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In 2017, Canadian economy will get its first taste of the Trump era

Last Updated Dec 22, 2016 at 6:15 am MDT

FILE - In this Thursday, Dec. 15, 2016, file photo, President-elect Donald Trump speaks during a rally at the Giant Center in Hershey, Pa. Trump's closest advisers see Democrats' complaints that Moscow hacked their private emails this election season as a case of sour grapes. The pushback comes ahead of the Electoral College vote, Monday, Dec. 19, which is expected to make official Trump's election win. (AP Photo/Evan Vucci, File)

The Canadian economy exits 2016 with bruises from the still-tough adjustment to weak crude prices and scars from the devastating wildfires that singed the oil patch.

It enters 2017 with lingering challenges and a potential new obstacle that could attract more attention than the rest: the economic unknowns of a Donald Trump presidency.

While it remains to be seen what will become of the U.S. president-elect’s vows in areas like taxation, trade and investment, their implementation could have significant impacts for Canada.

Canadian policy-makers say they will closely follow developments after Trump takes office Jan. 20.

For now, decision-makers like federal Finance Minister Bill Morneau are reserving judgment on how changes would affect the country.

“Looking towards next year, the change in the U.S. will of course present us with a different economic environment –it’s too early to have a clear view of the impacts,” Morneau said in a recent interview.

“But what I can assure you … is that we’re working to understand the new administration’s economic policies and to present how we can work together with them to enhance their growth and our growth; because our view is that we do better if we are open to helping others.”

For example, Trump has vowed to drop the tax rate for top-income earners by six per cent and by three per cent for middle-income earners.

He promised to bring the U.S. corporate rate, one of the highest in the world, down to 15 per cent from 39 per cent. Such a cut would make the U.S. corporate rate far lower than the average effective rate in Canada, where it’s about 26 per cent when federal and provincial rates are combined.

Prime Minister Justin Trudeau was asked in a recent roundtable interview with The Canadian Press about the potential impact of Trump’s promised tax cuts on Canada’s efforts to bring in foreign investment dollars.

“Let’s not respond too much to hypotheticals,” Trudeau said.

“Obviously, you have to be thoughtful about potential paths, but I’m not going to react to an administration that’s not actually in place yet.”

Trudeau said while taxes are always a consideration, he argued that Canada is attractive to investors for other reasons, including its well-educated workforce, openness to immigration and stability.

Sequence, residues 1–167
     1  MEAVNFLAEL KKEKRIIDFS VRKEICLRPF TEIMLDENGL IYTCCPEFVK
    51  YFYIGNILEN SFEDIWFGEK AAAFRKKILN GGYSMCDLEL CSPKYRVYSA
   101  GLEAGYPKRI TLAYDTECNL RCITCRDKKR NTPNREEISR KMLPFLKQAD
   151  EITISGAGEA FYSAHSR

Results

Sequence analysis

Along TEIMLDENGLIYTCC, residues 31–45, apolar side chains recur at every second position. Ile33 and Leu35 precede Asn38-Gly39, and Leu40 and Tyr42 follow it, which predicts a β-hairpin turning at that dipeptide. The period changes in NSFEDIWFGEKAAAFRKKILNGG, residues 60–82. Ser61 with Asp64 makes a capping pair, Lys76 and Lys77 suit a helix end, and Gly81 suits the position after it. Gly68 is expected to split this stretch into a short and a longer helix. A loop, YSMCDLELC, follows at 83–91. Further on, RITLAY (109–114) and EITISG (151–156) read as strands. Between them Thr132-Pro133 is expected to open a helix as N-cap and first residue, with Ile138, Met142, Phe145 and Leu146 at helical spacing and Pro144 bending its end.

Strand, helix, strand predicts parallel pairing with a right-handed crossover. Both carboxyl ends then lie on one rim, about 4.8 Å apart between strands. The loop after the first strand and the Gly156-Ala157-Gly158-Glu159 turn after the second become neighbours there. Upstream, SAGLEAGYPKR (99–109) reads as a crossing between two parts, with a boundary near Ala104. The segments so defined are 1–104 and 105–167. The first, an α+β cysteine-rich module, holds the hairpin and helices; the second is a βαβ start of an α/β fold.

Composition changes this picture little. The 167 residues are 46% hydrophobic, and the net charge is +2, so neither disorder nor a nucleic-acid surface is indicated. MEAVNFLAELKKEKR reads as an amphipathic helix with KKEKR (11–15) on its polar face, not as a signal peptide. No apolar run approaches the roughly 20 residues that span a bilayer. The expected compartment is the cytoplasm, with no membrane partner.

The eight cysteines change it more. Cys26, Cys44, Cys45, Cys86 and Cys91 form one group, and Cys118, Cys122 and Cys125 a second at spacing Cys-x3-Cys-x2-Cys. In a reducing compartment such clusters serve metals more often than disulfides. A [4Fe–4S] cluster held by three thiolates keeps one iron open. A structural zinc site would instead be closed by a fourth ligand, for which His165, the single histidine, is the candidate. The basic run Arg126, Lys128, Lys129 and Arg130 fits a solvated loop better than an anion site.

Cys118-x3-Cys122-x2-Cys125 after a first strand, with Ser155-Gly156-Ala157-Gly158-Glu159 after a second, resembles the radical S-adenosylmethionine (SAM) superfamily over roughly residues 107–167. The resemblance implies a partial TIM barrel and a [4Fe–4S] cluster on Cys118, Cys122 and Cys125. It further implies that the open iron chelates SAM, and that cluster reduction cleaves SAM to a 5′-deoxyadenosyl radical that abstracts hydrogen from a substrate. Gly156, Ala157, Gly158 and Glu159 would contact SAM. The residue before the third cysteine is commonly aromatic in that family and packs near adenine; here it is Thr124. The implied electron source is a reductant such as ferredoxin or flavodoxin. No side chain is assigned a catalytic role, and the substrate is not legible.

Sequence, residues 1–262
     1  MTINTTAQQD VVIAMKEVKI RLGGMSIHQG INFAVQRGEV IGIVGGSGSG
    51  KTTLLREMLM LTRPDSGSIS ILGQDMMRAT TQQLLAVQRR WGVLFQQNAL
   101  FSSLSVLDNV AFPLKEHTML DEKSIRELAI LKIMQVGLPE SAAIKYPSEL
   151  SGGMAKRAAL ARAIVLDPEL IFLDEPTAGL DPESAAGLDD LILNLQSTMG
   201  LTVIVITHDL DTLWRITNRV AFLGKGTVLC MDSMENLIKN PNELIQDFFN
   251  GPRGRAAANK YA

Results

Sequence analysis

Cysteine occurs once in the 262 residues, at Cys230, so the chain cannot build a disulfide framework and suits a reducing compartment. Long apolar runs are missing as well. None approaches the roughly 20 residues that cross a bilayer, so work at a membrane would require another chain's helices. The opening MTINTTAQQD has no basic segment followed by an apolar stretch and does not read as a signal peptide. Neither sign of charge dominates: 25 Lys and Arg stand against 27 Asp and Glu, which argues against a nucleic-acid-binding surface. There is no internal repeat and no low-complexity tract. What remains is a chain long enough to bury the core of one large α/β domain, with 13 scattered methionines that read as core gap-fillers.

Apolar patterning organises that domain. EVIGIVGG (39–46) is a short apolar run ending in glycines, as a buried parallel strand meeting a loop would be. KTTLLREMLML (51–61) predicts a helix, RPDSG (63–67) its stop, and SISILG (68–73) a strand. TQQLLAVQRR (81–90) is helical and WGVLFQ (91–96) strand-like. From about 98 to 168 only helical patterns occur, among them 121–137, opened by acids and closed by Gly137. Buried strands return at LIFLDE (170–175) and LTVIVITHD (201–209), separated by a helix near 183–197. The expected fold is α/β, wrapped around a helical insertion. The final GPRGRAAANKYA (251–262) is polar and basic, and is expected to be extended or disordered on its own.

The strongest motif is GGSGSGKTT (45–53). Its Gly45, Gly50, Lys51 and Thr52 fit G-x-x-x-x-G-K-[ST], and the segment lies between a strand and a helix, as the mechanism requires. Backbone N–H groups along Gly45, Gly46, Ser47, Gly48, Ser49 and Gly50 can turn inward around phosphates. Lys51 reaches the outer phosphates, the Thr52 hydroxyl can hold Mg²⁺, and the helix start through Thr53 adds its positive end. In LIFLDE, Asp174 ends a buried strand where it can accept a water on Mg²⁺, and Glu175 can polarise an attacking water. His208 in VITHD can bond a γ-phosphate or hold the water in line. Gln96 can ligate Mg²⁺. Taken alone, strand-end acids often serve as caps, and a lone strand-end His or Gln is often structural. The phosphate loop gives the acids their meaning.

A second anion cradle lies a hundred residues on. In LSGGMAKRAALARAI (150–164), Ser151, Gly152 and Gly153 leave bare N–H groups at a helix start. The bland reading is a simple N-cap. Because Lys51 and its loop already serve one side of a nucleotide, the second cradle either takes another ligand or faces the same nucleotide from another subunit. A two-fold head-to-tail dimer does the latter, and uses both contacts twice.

University of Calgary tax-policy expert Jack Mintz has said Canada’s ability to lure business investment and top talent would be threatened if the U.S. moves ahead with Trump’s vows to significantly cut tax rates for U.S. corporations and for the highest income earners.

Trump has also made it clear he wants Buy American rules in his planned $1-trillion infrastructure program, which could leave out Canadian companies.

To add to the unknowns for Canada, Trump has called for the renegotiation of the North American Free Trade Agreement.

But some experts say the expectations of Trump’s
business-friendly promises are poised to lift the U.S. economy,
which would help Canada.

Dan North, a senior economist for financial services firm Euler Hermes North America, said U.S. business confidence has climbed since the election, in large part due to the prospect of corporate tax reductions. As a result, North said his company bumped up its 2017 U.S. growth projection to 2.4 per cent from 2.1 per cent.

“We have a fair amount of confidence that we’re looking at a pretty solid year in the U.S. next year, which of course should translate into higher demand for Canadian exports,” North said.

Former Bank of Canada governor David Dodge agreed in a recent interview that he expected faster post-election growth in the U.S. to be a positive for the Canadian economy over the short term.

Over the medium and longer term, however, Dodge thinks Canada could struggle in areas like trade, attracting investment and, in particular, tax competitiveness.

“It’s an enormous challenge, I think, for Ottawa,” he said.

“It is a very unfortunate problem that the minister of finance will have to deal with.”

In 2017, the central bank will remain focused on whether Canada’s disappointing export performance can show real signs of life, current governor Stephen Poloz said earlier this month, during his final news conference of 2016.

Poloz said the bank will also look for the economy to continue to adjust to the sting of low oil prices and for the expected pickup in U.S. growth.

When asked, he declined to discuss what new policies might be introduced in the U.S. and how they could affect Canada. He did, however, say that uncertainty among companies expanded during the election campaign and he believes that sentiment remains “undiminished.”

Still, after what Poloz called a “challenging year” in 2016, he sounded cautiously optimistic for 2017.

“We have enough confidence that we’re on track, but we need to continue to monitor that,” he said. “Of course, the economy and the world economy have shown the capacity to disappoint in the past.”